Journalism and Media Policy in 2011

The last ten years were tumultuous for media and journalism, with the industry shifting dramatically and new opportunities and challenges emerging. Amidst all this change, the media policies that shape everything we watch, read and hear, have had a hard time catching up.

In a recent cover story in the Columbia Journalism Review, Steve Coll of the New America Foundation wrote: “We badly require new policies and new thinking in Washington because the media policy regime we have inherited is out of date and inadequate for the times in which we live.”

As we enter 2011, a number of pressing policy decisions will confront those of us who care about the future of journalism and media.

1) The Merger of Comcast and NBC-Universal

Just before the New Year, the FCC signaled that they are likely to approve the Comcast-NBC merger with minimal conditions, giving a green light to one of the biggest media mergers in a generation and ushering in a new era of media consolidation.

The Comcast/NBC merger is troubling because it combines one of America’s most popular producers of news and entertainment with the nation’s largest cable and residential broadband provider, giving one company incredible control of what you can watch and how you can watch it on cable, online and over the air.

2) The Future of Media Consolidation

On the heels of the Comcast/NBC merger, the FCC is expected to start their 2010 review of media ownership rules (yes they are a year behind already). Congress mandates that the FCC review their media ownership limits every four years to ensure that they are still in the public interest. This is complicated by the fact that the previous rule changes dating back to 2003 are still held up in the courts.

Last time the FCC reviewed the rules, in 2006, it cited the tumultuous state of journalism (which was in part due to rampant consolidation) to justify eliminating the 30-year-old newspaper/broadcast cross-ownership ban. But, as former Free Press policy director Ben Scott argued at a House hearing on the future of journalism, “Uniting two failing business models will not produce a success any more than tying together two rocks will suddenly make them float.”

The evidence is clear that consolidation has led to fewer journalism jobs, less local news, and a diminishment of voices and viewpoints in the media. We need new policies that foster innovation and entrepreneurship in journalism, not more consolidation. In this next ownership review we should look for ways to tighten ownership rules and clamp down on local stations are using contractual agreements to lay off entire newsrooms and circumvent FCC regulations.

3) The FCC and FTC Journalism Reports

Both the Federal Trade Commission and the Federal Communications Commission have been conducting in-depth investigations into how public policy can help the future of journalism. Testimony last year at the various hearings held by both agencies reinforced the vital role of public and noncommercial media in responding to the information needs of local communities and made clear that any government response will demand careful coordination across a range of issues and agencies. These are promising initiatives that could help move our media policy into the digital age.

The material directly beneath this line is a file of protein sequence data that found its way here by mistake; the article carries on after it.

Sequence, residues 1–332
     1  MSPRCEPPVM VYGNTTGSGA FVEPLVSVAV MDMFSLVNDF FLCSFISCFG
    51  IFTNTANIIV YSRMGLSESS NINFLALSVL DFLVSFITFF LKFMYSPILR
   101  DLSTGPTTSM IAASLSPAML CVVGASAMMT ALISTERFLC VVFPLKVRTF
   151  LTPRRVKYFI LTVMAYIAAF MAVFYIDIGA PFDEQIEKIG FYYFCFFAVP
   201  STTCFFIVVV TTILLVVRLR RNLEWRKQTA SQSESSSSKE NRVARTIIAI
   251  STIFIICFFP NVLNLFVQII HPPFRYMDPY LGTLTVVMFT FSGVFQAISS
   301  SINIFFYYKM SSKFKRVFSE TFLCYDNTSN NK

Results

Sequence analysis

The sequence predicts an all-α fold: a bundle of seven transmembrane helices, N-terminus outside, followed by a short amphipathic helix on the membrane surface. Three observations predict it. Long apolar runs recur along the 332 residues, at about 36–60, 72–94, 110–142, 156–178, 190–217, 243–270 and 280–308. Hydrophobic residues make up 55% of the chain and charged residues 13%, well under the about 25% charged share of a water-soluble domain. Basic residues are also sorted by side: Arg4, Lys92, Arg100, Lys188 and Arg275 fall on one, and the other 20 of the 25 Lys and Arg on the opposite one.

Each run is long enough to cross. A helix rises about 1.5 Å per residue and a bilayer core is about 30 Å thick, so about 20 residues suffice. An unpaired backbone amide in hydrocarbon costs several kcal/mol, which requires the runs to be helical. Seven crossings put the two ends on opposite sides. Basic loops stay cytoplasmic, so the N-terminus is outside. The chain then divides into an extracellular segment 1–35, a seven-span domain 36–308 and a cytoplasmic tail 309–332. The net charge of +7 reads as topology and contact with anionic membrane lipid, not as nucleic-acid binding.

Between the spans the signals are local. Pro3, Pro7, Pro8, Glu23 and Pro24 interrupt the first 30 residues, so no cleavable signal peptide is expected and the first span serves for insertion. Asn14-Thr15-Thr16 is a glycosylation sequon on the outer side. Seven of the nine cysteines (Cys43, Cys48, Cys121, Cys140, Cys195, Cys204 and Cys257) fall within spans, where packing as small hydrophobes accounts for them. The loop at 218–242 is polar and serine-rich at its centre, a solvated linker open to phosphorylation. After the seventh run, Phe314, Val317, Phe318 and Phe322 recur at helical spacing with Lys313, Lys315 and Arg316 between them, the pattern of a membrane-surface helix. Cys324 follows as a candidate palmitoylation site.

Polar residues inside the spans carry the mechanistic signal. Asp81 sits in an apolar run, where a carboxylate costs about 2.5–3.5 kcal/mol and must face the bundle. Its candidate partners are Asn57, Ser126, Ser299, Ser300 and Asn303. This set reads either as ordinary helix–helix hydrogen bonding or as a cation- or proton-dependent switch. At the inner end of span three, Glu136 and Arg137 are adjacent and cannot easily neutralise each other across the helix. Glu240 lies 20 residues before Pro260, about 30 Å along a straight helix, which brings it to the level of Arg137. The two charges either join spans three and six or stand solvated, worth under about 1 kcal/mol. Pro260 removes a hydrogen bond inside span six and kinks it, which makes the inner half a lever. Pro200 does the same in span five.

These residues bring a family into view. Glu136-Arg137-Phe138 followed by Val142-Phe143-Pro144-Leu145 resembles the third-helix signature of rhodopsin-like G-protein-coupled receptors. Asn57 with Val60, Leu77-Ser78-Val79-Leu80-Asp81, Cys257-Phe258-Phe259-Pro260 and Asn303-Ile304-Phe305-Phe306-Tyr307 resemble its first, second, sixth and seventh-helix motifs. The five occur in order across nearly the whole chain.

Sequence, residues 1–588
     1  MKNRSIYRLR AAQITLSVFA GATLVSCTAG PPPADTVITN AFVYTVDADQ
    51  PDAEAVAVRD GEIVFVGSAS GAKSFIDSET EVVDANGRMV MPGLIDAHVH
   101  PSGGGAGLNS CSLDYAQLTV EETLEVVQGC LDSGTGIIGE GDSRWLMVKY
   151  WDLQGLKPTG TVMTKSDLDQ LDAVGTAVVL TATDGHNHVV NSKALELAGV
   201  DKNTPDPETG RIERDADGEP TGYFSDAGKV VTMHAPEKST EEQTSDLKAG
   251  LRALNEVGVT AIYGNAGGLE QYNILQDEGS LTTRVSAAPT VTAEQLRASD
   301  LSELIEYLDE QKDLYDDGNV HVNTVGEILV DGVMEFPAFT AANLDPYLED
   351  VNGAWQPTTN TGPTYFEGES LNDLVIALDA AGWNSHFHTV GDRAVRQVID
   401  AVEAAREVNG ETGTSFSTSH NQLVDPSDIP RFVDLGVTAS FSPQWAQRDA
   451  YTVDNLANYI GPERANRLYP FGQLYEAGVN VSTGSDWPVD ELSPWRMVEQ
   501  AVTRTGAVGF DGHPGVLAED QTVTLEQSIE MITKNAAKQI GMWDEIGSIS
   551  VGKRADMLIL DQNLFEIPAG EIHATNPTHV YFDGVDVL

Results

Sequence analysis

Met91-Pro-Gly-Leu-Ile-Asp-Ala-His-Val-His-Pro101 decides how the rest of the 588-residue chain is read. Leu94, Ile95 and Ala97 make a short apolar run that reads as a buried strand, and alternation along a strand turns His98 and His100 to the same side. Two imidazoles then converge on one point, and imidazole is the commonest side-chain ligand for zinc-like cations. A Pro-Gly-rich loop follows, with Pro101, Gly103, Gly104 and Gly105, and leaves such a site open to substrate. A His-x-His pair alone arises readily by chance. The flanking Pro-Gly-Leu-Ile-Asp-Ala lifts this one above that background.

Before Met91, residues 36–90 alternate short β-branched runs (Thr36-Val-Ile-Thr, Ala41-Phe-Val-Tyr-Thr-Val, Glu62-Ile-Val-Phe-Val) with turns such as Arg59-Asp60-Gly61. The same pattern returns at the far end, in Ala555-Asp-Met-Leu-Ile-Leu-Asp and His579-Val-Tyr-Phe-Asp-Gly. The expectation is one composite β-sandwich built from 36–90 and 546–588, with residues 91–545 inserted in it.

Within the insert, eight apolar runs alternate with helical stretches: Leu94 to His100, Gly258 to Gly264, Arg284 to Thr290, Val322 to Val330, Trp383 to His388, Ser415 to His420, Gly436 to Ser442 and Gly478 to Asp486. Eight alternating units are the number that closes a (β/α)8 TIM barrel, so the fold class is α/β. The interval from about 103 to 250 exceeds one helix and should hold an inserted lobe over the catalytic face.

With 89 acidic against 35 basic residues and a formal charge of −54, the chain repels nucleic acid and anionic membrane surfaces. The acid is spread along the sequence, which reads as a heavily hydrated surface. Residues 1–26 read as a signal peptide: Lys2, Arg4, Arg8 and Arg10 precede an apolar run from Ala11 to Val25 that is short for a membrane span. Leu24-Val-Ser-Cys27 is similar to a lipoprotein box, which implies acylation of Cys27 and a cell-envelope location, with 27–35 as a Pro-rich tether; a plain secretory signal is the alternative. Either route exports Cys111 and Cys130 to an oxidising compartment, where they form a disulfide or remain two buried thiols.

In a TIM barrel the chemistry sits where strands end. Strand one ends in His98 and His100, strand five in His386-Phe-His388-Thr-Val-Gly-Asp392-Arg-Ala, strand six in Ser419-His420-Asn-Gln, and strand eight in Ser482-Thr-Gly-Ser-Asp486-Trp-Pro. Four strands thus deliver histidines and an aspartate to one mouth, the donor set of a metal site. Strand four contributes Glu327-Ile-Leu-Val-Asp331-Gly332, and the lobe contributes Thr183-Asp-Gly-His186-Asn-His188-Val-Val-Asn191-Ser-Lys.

Both agencies are planning to release reports early in 2011 that outline their findings and recommendations.

4) A Separate and Not So Equal Internet for Mobile News

As more news and information moves online, ensuring universal, affordable access to the open Internet is even more vital. In the final weeks, of 2010 the FCC approved weak, half-baked Net Neutrality rules so full of loopholes that they may be worse than nothing at all. The result is that for the first time in the history of telecommunications law, the FCC has endorsed online discrimination: That is, ISP’s now appear to have the right to favor their services and applications over others.

On the wireless Web you access from a mobile phone or device, companies like AT&T and Verizon will be free to discriminate. That means we now have two Internets in America, and what you are able to access at home may not be available on your smartphone. The FCC’s decision to split the web in two has huge implications for journalism and free speech as new and old news organization have been investing deeply in mobile apps and online news. In addition, a third of America still lacks high-speed broadband at home. With the digital divide widening, and the open Internet disappearing, the democratizing power of the web is at risk.

There are many more policy debates that will be hashed out in the coming year. All in all, 2011 promises to be another profoundly important year for media policy, and we’ll be right here helping parse out what it all means and giving you clear ways to take action and get involved.

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